A Letter to Our Members
Issued Nov. 11, 2011
My intention in writing to you, our Penn State Alumni Association family, is not to recount the details of the Sandusky Scandal and the terrible fallout that has ensued. You’ve heard about and read about it ad infinitum. You’ve been shocked, sickened, angered, disgusted, embarrassed, and saddened beyond belief. So have every one of us here at the Penn State Alumni Association. This terrible tragedy has left us all hurting for the victims and their families.
This has been the worst week in the University’s 156-year history. Penn State has dealt with terrible budget crises, presidents dying in office, campus shootings, major demonstrations and confrontations. But nothing like this—nothing. It has greatly affected everyone: alumni, students, faculty, staff, and administrators.
We know you are hurting. We have heard from thousands of alumni through e-mails, phone calls, and Facebook posts. Our entire staff is in full response mode, fielding the Tsunami of responses. Some want to sever their ties to Penn State forever. Some threaten us with the course of action they will take if things do not go as they want. Some call wanting to know what they can do, how they can help. Some call to voice their unconditional support and love of Penn State. At root of all of these messages is the fact that our alumni care deeply about Penn State.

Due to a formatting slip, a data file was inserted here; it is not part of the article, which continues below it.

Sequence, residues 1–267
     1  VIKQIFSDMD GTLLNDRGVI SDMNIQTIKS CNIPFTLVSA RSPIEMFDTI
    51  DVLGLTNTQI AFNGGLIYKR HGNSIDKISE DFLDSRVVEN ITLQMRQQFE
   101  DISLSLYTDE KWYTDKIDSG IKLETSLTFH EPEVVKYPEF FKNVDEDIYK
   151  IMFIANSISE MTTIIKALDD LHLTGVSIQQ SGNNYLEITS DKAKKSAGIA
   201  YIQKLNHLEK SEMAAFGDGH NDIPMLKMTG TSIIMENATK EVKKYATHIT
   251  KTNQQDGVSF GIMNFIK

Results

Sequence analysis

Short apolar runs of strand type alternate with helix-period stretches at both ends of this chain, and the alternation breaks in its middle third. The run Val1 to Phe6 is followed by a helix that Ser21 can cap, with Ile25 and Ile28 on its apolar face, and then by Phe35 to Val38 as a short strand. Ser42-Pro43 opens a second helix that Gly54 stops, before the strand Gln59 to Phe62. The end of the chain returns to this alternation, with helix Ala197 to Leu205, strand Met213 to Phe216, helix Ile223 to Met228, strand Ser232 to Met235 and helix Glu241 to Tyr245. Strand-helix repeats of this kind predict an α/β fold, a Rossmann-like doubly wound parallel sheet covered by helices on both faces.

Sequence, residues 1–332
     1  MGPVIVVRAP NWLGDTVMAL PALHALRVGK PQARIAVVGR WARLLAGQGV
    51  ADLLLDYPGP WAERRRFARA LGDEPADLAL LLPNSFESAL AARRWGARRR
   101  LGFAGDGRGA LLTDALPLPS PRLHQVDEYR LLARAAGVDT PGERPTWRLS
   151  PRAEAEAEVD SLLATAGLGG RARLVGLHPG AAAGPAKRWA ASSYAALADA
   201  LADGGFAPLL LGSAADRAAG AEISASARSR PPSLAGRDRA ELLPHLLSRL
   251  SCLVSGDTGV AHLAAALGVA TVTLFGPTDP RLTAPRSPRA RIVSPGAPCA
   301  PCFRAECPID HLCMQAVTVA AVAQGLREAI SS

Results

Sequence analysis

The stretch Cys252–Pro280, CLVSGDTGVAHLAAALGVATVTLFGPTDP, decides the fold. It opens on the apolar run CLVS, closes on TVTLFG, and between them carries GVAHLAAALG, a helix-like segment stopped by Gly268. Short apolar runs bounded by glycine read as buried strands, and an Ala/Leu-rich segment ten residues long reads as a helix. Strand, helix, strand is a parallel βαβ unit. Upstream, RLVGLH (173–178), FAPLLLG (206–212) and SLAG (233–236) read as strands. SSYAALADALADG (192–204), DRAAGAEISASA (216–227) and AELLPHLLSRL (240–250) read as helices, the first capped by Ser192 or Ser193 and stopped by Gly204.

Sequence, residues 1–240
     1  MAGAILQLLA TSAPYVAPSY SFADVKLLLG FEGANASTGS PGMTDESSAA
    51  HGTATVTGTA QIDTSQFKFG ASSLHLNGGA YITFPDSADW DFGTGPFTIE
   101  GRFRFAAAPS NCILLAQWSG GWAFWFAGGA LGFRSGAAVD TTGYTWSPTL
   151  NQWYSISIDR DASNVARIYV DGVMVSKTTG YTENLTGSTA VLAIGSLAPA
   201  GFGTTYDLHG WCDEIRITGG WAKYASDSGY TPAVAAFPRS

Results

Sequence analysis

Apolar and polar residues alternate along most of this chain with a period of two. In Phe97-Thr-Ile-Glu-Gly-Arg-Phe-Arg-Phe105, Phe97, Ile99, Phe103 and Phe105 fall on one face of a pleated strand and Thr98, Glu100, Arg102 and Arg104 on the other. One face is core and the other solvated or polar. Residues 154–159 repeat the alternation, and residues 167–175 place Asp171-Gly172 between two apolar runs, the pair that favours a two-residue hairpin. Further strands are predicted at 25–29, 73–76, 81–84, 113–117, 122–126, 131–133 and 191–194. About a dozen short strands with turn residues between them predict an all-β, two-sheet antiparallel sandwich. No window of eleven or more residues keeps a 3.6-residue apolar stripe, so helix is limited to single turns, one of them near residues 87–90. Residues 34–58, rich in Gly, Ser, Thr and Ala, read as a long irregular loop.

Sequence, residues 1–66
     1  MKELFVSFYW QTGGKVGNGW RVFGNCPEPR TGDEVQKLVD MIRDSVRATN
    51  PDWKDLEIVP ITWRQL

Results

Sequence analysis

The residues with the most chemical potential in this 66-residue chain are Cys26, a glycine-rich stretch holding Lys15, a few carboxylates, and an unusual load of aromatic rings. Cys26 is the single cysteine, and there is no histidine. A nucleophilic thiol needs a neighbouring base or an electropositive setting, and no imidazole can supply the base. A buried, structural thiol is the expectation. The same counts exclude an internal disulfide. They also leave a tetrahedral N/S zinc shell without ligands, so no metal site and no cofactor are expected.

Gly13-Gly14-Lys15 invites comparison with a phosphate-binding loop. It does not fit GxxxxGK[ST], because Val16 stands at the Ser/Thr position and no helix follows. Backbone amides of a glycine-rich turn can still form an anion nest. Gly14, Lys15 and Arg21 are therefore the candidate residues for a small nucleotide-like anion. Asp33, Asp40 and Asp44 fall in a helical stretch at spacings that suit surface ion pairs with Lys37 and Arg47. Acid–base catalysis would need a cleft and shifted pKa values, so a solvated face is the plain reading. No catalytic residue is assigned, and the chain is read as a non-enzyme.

Even in the midst of crisis, there is still much to be proud of about Penn State. You’ve seen some of the recent evidence—last year’s No. 1 national ranking by The Wall Street Journal for producing the kind of graduates employers most want to hire; this fall’s ranking by the Times Higher Education World University Rankings, in which Penn State was ranked in the top quarter of the top one percent of all institutions of higher education on the planet; and the No.1 ranking in the number of Fulbright Fellows on our faculty this year.
In the weeks and months ahead, our University needs you. Our alma mater will be counting on alumni more than ever to help it get back on track. Over the last eight years as your executive director, I’ve seen what alumni do for Penn State in ways far too numerous to mention here.
In the middle of this week, on the lawn of the Hintz Family Alumni Center on a gorgeous fall day, there was a semi-circle of students, talking with their professor, seemingly oblivious to the crisis swirling about them. The work of the University endures.
Make no mistake, Penn State will endure. But we must do much more than that. We must get better, we must improve, we must prosper, and we must lead, once again. Our state, our nation, our world—all are counting on us to do exactly that. And you, our Penn State alumni, are an integral part of that rebuilding.
For the Future,
Roger L. Williams ’73, ’75g, ’88g
Penn State Alumni Association